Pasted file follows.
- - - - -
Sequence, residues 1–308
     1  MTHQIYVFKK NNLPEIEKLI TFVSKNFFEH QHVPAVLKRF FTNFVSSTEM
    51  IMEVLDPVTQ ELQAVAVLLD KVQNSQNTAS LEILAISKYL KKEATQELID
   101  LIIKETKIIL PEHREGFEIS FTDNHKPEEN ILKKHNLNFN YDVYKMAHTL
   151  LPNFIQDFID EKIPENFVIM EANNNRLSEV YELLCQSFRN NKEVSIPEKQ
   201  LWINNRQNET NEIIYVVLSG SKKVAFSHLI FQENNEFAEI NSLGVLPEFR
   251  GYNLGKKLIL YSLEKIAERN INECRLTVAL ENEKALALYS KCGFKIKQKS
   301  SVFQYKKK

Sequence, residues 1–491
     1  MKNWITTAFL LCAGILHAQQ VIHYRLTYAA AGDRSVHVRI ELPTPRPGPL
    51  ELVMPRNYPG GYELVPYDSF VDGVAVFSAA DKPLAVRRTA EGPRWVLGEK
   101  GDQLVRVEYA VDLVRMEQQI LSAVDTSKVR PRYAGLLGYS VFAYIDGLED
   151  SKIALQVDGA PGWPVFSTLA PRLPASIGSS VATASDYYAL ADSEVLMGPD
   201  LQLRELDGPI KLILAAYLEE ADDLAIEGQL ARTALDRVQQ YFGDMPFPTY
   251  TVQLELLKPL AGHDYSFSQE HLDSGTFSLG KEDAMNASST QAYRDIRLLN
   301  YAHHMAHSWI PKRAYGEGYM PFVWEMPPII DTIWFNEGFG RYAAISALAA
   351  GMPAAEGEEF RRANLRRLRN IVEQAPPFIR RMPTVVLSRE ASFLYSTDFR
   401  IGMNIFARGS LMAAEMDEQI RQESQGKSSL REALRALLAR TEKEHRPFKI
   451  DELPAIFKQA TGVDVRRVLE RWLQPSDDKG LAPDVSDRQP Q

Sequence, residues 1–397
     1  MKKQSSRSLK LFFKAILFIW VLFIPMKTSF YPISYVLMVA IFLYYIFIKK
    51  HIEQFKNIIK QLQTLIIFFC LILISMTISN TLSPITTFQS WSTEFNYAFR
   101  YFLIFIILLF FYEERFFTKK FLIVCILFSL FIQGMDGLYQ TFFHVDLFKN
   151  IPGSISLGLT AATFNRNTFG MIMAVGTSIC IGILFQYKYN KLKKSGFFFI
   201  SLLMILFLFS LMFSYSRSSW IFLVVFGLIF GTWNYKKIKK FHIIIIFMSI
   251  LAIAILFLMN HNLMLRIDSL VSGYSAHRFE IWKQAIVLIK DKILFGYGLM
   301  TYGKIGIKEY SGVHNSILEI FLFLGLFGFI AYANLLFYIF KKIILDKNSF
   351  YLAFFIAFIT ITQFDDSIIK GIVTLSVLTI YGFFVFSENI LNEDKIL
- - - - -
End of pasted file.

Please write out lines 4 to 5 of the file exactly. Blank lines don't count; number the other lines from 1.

   101  LIIKETKIIL PEHREGFEIS FTDNHKPEEN ILKKHNLNFN YDVYKMAHTL
   151  LPNFIQDFID EKIPENFVIM EANNNRLSEV YELLCQSFRN NKEVSIPEKQ